czwartek, 2 sierpnia 2012

How it all started

I can't say there was one big factor that made me start this project, but I can surely say, that Bronnie Ware, a paliative nurse from Australia was one of the biggest. I've read an article about her and her blog. Bronnie takes care of people in last weeks of their lives and asks them about what they regret. The answers are surprisingly similar and I will let myself quote them:

1. I wish I'd had the courage to live a life true to myself, not the life others expected of me.
"This was the most common regret of all. When people realise that their life is almost over and look back clearly on it, it is easy to see how many dreams have gone unfulfilled. Most people had not honoured even a half of their dreams and had to die knowing that it was due to choices they had made, or not made. Health brings a freedom very few realise, until they no longer have it."
2. I wish I hadn't worked so hard.
"This came from every male patient that I nursed. They missed their children's youth and their partner's companionship. Women also spoke of this regret, but as most were from an older generation, many of the female patients had not been breadwinners. All of the men I nursed deeply regretted spending so much of their lives on the treadmill of a work existence."
3. I wish I'd had the courage to express my feelings.
"Many people suppressed their feelings in order to keep peace with others. As a result, they settled for a mediocre existence and never became who they were truly capable of becoming. Many developed illnesses relating to the bitterness and resentment they carried as a result."
4. I wish I had stayed in touch with my friends.
"Often they would not truly realise the full benefits of old friends until their dying weeks and it was not always possible to track them down. Many had become so caught up in their own lives that they had let golden friendships slip by over the years. There were many deep regrets about not giving friendships the time and effort that they deserved. Everyone misses their friends when they are dying."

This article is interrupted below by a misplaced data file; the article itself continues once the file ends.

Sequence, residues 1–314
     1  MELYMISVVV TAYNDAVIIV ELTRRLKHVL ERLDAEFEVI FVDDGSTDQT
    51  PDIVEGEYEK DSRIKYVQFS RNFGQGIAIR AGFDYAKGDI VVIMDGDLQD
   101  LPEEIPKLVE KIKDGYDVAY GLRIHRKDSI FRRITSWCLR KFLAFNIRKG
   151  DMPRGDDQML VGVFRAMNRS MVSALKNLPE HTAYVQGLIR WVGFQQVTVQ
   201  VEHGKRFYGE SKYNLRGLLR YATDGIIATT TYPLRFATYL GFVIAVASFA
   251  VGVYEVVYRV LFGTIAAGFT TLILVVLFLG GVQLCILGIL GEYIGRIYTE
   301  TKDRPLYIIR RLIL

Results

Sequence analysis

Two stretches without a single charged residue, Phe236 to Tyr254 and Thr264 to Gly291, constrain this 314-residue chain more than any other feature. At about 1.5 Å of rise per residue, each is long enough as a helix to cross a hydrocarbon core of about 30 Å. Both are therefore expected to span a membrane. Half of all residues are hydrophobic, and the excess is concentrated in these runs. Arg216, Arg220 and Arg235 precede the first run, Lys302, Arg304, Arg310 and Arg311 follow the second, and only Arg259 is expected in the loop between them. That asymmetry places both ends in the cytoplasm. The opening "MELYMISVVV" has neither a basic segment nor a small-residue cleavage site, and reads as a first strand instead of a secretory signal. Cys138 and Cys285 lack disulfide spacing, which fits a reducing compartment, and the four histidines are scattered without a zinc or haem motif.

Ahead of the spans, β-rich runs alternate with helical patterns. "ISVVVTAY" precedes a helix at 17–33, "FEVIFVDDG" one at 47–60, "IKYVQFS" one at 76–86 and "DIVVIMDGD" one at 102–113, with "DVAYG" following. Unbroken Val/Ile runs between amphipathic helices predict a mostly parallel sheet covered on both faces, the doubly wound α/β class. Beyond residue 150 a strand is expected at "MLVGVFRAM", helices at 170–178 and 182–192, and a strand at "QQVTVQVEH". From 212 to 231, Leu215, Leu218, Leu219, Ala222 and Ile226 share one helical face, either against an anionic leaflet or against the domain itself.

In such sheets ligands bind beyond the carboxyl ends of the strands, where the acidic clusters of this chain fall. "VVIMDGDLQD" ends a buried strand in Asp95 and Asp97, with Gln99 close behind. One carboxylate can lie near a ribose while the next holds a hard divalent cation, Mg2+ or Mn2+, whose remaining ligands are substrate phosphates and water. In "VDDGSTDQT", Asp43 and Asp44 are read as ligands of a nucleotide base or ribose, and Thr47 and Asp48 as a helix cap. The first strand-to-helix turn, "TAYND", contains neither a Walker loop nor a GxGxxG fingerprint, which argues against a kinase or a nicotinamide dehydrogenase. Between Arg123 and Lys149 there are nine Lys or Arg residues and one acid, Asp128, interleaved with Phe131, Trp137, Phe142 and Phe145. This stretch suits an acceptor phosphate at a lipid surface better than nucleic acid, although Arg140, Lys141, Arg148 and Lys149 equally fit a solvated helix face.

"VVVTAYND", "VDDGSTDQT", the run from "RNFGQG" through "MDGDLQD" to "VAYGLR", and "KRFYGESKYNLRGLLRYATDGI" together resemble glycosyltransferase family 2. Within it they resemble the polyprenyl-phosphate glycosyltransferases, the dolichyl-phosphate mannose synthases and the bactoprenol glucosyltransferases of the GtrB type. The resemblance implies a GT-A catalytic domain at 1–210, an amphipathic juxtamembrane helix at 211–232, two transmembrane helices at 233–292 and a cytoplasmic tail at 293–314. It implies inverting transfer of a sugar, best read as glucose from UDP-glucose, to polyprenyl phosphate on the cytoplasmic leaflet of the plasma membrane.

5. I wish that I had let myself be happier.
"This is a surprisingly common one. Many did not realise until the end that happiness is a choice. They had stayed stuck in old patterns and habits. The so-called 'comfort' of familiarity overflowed into their emotions, as well as their physical lives. Fear of change had them pretending to others, and to their selves, that they were content, when deep within, they longed to laugh properly and have silliness in their life again."

This is mind-blowing. After I read it, my head was spinning, I had all those questions and doubts. I still have them. Should I leave everything and go travel? What would happen with my social security then? Should I put all my effort into becoming an illustrator even though I know that only the best ones can make the ends meet? Should I quit my job here and go to Mexico, where I spent six happiest months of my life? It still is spinning to be honest. I've no idea about what to do, but I also think, that an extremely important thing is to keep your eye on your goals constantly. CONSTANTLY. That's why I run this project.